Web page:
On Aug. 21, all of Wesleyan School gathered in Henderson Stadium to watch the Great American Eclipse.
“The eclipse provide[d] us with a terrific opportunity to witness the beauty of God’s creation and the mystery of His handiwork,” said Headmaster Chris Cleveland.
Science department chair Anna Myrick said, “People were most fascinated by how such a tiny sliver of Sun could still create so much light for us. This is a reminder that the smallest acts of kindness and good deeds can spread the light of God’s Kingdom to so many.”
When asked what experiencing the eclipse would entail, Myrick said, “You will see the Moon cross in front of the Sun. The sky will dim by around 90% and drop about five degrees in temperature. There could be a cool breeze, an ‘eclipse wind.’ Shadows will be altered and the darkness will begin in the western sky. We could see Venus as a star (in the Western sky) and Jupiter (in the Eastern Sky). The darkest areas will be in the northern part of the sky where totality is occurring.”
Wesleyan alumna Christina Moraitis came to speak to all three divisions of students on Aug. 18. She sparked the interest and grabbed the attention of many students, persuading many to venture out to see the eclipse in totality. “There is a lot of mathematics that goes into predicting an eclipse. Scientists know the elliptical orbit speed and tilt of the Moon, so they develop formulas to predict such events,” said Sheppard.
Myrick said, “Scientists have calculations that predict when future eclipses occur. These calculations consider all the quarks of the Moon and Earth’s path as they revolve around the Sun. You can find many resources online with future eclipse locations and dates.”
Student Government president Kelsey Rappe said Wesleyan had “been working on this project and this special day ever since the spring of last year when the science department had the idea to bring the school together to watch the eclipse actually happen.”
Wesleyan brought “all three divisions of the school together for some eclipse-themed activities and to enjoy this natural phenomenon together,” said Rappe. All students left class at two o’clock and headed to Henderson Stadium where they received their ISO certified solar glasses to experience the eclipse first-hand and a Moon Pie to tie together the whole commemoration. Student Government hosted a pep rally with various games and contests “designed to foster the K-12 relationship of our school,” according to Cleveland.
Middle school science teacher Jen Sheppard said, “The certified solar eclipse glasses prevent damage to the retina. Regular sunglasses are not strong enough to protect our eyes from the Sun. It would be tempting to look at the Sun because it grows dim; however, the Sun is still extremely powerful and dangerous.”
“Unless you are trying to be like the chemistry poster ‘Carol’ I would recommend wearing your solar glasses anytime you are looking directly at the Sun. You are most at risk when its dark and your pupils start to dilate to allow much light in,” said science teacher Megan Trotter.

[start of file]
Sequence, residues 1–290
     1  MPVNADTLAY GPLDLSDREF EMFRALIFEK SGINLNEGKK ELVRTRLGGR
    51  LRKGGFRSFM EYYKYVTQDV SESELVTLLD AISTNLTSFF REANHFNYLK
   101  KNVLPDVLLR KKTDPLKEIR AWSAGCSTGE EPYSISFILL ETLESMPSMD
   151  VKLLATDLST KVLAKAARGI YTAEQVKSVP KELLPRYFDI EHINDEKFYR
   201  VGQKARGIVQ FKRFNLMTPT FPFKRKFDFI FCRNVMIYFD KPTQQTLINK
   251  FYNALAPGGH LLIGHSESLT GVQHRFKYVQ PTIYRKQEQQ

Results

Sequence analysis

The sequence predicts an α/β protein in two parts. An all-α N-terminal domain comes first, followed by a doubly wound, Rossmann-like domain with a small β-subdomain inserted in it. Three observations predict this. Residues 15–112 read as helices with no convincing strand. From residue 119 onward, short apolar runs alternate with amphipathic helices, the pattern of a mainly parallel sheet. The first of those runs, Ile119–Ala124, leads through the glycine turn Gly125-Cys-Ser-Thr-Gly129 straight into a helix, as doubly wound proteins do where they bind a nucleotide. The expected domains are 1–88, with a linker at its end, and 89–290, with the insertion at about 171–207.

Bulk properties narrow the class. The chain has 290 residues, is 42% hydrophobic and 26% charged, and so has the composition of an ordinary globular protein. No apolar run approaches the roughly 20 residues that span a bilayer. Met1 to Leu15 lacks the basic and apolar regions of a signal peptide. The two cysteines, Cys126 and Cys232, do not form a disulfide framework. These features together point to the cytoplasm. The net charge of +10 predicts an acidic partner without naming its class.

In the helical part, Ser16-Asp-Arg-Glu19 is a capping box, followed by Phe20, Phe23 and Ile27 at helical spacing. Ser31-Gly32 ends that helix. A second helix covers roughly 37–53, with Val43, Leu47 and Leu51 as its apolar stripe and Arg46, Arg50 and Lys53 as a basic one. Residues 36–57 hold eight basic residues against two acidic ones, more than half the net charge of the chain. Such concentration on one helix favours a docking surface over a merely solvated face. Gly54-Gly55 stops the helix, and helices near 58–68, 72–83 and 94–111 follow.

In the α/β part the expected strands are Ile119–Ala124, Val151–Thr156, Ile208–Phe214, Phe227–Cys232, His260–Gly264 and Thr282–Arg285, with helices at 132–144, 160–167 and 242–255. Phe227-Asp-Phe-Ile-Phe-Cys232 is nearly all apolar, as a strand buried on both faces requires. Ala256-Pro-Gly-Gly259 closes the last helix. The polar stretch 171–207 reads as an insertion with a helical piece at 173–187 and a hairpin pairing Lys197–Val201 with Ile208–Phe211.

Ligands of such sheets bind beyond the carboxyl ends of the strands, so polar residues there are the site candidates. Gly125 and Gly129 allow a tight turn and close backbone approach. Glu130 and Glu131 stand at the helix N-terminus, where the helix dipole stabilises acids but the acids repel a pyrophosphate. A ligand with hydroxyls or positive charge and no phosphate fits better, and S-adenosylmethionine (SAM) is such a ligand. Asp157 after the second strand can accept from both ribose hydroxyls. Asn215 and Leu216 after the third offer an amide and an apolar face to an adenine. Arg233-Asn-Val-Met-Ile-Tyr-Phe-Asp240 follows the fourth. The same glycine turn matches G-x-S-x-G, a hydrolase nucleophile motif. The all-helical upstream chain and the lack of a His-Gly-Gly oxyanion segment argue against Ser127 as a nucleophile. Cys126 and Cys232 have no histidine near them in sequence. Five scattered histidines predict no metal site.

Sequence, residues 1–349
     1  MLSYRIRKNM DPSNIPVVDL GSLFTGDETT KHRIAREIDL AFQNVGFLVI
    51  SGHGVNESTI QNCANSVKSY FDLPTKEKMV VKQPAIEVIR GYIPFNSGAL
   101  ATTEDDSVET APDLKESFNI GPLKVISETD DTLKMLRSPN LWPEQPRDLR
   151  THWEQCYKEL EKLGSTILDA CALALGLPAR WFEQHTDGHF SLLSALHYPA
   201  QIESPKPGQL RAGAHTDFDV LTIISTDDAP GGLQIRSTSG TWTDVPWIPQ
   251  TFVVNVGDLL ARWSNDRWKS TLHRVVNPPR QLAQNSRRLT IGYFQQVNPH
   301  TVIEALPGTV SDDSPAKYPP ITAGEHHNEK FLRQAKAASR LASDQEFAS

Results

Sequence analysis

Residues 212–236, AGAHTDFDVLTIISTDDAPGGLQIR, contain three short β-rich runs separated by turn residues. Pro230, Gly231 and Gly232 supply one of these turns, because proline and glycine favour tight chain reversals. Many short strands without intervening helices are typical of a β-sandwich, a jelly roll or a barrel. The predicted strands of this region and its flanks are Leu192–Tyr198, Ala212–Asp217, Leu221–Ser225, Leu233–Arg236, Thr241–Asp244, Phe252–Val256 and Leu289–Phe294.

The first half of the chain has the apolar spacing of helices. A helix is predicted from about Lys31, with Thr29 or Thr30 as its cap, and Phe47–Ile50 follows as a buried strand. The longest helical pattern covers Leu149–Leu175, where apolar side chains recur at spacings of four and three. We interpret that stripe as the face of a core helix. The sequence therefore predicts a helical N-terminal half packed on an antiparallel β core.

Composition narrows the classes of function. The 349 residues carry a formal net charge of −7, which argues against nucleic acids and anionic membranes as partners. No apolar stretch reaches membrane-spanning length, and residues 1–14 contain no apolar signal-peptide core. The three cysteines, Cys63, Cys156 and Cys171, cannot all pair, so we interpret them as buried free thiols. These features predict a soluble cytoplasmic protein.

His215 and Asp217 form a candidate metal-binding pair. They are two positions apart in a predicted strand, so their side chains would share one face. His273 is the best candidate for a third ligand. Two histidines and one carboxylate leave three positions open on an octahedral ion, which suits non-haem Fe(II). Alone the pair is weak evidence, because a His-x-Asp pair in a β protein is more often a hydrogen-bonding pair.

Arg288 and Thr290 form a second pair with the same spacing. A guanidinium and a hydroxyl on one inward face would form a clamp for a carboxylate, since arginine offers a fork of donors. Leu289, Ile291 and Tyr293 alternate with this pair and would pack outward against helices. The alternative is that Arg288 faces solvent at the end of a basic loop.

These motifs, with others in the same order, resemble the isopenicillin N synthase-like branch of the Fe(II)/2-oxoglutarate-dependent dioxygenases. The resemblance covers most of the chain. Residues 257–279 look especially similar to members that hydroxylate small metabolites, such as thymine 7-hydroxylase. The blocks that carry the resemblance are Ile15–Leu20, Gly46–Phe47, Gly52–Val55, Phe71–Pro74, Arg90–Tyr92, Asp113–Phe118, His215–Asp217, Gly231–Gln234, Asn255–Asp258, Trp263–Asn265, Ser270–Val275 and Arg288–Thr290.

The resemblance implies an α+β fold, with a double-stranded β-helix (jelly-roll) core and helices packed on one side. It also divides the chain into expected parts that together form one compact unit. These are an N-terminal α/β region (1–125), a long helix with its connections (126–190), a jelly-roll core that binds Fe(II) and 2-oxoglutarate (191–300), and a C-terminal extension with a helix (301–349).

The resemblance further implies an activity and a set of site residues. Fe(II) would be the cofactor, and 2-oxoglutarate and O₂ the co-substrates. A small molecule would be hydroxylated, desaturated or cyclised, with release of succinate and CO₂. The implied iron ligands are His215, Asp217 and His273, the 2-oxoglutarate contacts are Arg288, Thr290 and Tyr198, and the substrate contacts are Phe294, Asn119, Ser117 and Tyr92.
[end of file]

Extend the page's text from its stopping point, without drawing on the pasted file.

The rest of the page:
Before the eclipse, student government members Patterson Beaman and Rappe entertained the anxious crowd of spectators by leading a moon-walking contest and blindfolded version of musical chairs. From 2:30 p.m. to 2:38 p.m., the much-anticipated eclipse finally occurred. Wesleyan viewed the eclipse in 97% totality.
Though Wesleyan worked hard to ensure this was an unforgettable event for each student and teacher, Rappe said, “I believe the experience in itself is really what [made] it memorable and the fact that Wesleyan allow[ed] us to take time off of school to witness it together.”
This event was especially memorable for those teachers and students with a special interest in space.
Space enthusiast Laura Von Bargen, whose dream is to study black holes or dark matter at NASA, said, “The first time I remember being intrigued by space was in the fourth grade. In class one day we learned about how the planets rotated on an axis while simultaneously orbiting the Sun, which I thought was the coolest thing ever. We also learned about the phases of the Moon, which I then drew a diagram of for my dad as soon as I got home, and that little fourth grade diagram is still on display on his desk.”
Von Bargen said, “I think that most of the people who will be viewing the eclipse will think that it’s cool, but they won’t understand how incredibly perfect and precise the orbits and shadows of the Sun, Moon and Earth have to be for us to be able to experience it. I think it will just be really amazing to see everything coming together so perfectly.”
Lower school science teacher Sara Cooper, said, “I remember an eclipse when I was in elementary school, when I was about the same age as my students. It is a great childhood memory of mine. I look forward to sharing this celestial event with my students.”
Rappe said the eclipse is “something that we rarely ever get a chance to see,” and the viewing was “not your everyday Wesleyan assembly.”
Myrick said, “Astronomers and eclipse chasers say this is the greatest astronomical spectacle and the natural wonder in the world, especially in areas of totality. For me, this is one of the many ways that God has created perfection within our world on a large scale, for us to witness the glory of His kingdom.”
Article co-written by Kelly Roth and Sydney Anderson.